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Jim James 'Regions of Light and Sound of God'

God's Man, Solo

About.com Rating 4 Star Rating

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Jim James 'Regions of Light and Sound of God'

Jim James 'Regions of Light and Sound of God'

ATO

A Bible Story

As longtime leader of My Morning Jacket, Jim James has hardly been stultified by style, convention, or genre; his band long ago progress from backwoods harmonists camped out in a Kentucky grain-solo to festival-headlining jam-band given the freedom to freewheel through funk, soul, psychedelia, synth-pop, reggae, and whatever other whims may suffice. James, then, wouldn't seem to —unlike so many solo-project-starting singers before him— need the vehicle of a solo venture to deliver him unto new musical pastures; in My Morning Jacket, he can point that vessel wherever he wishes.

Yet, Regions of Light and Sound of God, the first-ever solo full-length for the 34-year-old, feels like something that never could've quite been made in My Morning Jacket; justifying its existence not via stylistic departure, but by its sustained sense of self. This is an album of cogent theme, present identity, and personal conviction; the kind of passion project that stands at odds with the between-albums, thrown-together quality of so many similar sidelines.

And, like any good personal passion project, James' solo LP has a back-story at its beginnings. The genesis narrative goes thus: after a 2008 fall from a stage in Iowa City, James is hospitalized, struggles with the trauma, then recuperates with the love of a good woman. He's handed a copy of Lynd Ward's wordless 1929 novel-in-woodcuts, God's Man, and sees his own life reflected back in its monochromatic images; in its tale of an artist's fall from grace, and pact with a devil.

Inspired, James takes to his home studio, and begins recording a 'soundtrack' to God's Man. Or, at least, its themes —y'know: life, love, devotion, religion, art, suffering, transcendence, death; all the big ones— when viewed through the prism of his own experience. Though the novel is an ascetic work of Depression-era symbolism that carries the weight of biblical parable, when 'scoring' its woodcut images James, somehow, erupts in a host of fully-formed songs that riff on '70s soul, synthy retrofuturism, and Gospel grandeur; making an album that harkens forward and back in time, in some kind of dreams-from-a-distant-future way. It's the most thematically focused thing James has even done; a solo album that more than justifies its own existence, but feels like it only could've existed unto itself.

A New Life

This is the fantastic creation narrative behind Regions of Light and Sound of God, one that backs up to evocative, definitely poetic, and possibly boastful title. The only question, then, is whether the actual listening to the album is as good as reading about it. The answer is, largely, yes; or, perhaps, a more qualified 'not quite.' Either way, it's not a great piece of biography shilling a failed concept album; but a fascinating, committed work from an artist whose rock'n'roll dayjob feels far more like frolicking —sometimes frustratingly— through genre.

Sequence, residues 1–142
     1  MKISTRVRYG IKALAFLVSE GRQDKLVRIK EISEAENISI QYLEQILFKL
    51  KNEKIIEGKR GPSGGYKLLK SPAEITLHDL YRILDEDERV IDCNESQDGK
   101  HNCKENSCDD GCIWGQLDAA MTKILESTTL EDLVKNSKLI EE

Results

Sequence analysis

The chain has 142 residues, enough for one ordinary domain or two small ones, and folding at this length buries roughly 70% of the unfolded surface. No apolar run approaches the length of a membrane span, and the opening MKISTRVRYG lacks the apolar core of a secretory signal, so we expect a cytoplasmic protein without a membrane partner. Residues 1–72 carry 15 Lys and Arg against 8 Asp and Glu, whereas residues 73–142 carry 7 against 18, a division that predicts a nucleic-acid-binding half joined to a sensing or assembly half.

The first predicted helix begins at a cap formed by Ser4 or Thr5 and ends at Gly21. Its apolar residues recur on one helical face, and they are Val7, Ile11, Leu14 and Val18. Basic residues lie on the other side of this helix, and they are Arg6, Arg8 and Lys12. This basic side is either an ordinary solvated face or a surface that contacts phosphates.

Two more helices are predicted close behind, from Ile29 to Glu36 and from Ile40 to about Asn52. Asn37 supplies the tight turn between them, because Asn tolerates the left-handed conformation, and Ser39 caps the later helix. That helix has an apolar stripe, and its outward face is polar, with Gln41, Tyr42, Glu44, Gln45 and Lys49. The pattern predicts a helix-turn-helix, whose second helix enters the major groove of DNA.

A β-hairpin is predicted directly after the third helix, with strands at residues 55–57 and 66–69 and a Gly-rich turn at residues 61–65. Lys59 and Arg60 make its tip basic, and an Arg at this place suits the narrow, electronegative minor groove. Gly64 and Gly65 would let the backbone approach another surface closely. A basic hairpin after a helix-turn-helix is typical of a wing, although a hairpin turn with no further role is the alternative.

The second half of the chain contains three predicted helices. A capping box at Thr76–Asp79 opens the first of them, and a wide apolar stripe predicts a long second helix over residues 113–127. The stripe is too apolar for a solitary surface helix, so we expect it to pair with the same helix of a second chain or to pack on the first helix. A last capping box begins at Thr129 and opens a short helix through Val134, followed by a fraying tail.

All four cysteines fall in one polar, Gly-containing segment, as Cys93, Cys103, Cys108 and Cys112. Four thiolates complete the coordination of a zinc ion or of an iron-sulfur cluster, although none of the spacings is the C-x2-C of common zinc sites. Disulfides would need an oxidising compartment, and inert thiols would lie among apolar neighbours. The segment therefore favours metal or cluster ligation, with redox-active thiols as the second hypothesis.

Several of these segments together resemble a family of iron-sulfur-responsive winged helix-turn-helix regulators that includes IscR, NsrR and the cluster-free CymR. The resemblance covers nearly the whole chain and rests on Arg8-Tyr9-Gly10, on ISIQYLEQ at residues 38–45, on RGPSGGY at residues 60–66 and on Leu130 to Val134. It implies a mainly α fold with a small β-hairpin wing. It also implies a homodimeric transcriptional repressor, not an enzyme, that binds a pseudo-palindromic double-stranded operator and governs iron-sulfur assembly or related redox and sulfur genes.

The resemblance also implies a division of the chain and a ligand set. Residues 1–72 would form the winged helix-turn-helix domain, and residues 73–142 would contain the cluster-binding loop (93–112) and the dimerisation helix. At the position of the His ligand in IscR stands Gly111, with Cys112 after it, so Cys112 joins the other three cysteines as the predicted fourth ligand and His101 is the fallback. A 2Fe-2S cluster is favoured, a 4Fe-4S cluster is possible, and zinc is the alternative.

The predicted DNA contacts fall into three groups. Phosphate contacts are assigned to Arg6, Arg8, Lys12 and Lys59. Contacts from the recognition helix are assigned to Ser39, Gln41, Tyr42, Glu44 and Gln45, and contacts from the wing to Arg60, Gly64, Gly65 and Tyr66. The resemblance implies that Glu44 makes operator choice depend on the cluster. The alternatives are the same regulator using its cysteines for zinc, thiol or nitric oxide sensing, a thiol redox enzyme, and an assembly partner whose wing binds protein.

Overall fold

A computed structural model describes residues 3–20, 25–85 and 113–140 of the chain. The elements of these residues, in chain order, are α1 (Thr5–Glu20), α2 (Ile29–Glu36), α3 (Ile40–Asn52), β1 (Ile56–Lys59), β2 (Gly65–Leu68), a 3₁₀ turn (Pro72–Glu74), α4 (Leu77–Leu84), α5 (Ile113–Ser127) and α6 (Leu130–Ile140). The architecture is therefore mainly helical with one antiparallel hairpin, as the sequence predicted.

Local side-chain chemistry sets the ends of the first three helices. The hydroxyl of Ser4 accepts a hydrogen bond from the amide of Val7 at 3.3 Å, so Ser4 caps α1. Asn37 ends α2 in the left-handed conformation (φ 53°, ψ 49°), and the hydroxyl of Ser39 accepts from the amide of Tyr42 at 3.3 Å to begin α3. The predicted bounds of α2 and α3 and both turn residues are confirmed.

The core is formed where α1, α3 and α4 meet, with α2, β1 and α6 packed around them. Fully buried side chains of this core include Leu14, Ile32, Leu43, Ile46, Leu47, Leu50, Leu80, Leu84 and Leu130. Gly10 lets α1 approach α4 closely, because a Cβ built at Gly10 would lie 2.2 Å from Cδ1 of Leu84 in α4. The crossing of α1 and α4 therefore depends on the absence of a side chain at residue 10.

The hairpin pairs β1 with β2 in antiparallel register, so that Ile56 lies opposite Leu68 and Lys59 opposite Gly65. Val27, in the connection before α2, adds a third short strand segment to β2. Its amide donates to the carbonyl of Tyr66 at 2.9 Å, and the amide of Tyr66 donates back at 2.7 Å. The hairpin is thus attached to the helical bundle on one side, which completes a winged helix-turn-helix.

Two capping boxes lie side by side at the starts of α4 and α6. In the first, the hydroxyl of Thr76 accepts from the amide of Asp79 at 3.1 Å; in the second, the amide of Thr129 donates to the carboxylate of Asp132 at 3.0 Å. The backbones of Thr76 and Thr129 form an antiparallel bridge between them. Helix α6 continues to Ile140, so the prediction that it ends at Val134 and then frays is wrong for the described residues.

Save for the orchestral parts, James plays all the instruments on the LP; sings in a voice that is both familiar as his yet defiantly different from its normal register; and, finally, does an amazing job as producer, creating a genuine sonic space in which the listener, sits, with the instruments cavorting around them. Playing that Flying V in MMJ, James is playing the role of a rock'n'roll meathead; here, he feels far more like a composer.

The songs are, in their own way, largely headier than My Morning Jacket songs; the loss of the simple act of playing them, together, meaning James goes deeper into artificial soundworlds of his own creation. Sometimes this can be a curse —Regions of Light and Sound of God isn't exactly filled with toe-tappers— but, most of the time, it's a blessing. Cuts like "Know Til Now" and "All Is Forgiven" are astonishing tonal pieces; all thick decay of vintage synths, wafting ambience, heavy surface noise, and jazzy stings; riffing on Americana and exotic Middle Easternism, each, as they explore different notions of spirituality.

God is constantly in the conversation ("son of man/was born in Bethlehem/called God," begins "All Is Forgiven"), but, mostly, these songs are less about faith in a biblical sense, more faith in another; devotionals not to a deity, but to a lover. On an album filled with sweeping strings and soul music stings, its clearest, most concise, most utterly sincere moment is a ballad called "A New Life," that starts off stripped-down, and ends up Elvis.

"Babe, let's get one thing clear/there's much more stardust when you're near," James enunciates clearly, with conviction; the song's title missing its completing half "...with you." Later, when he sings "whether or not it's true/I believe in the concept of you," the themes are underlined. Where My Morning Jacket's lyrics can sometimes feel incidental, almost tossed-off, here they are direct, and beautiful; this love James sings off the driving force on a daffy, endearing concept album that feels like the best thing he's done in years.

Label: ATO
Release Date: February 5, 2013

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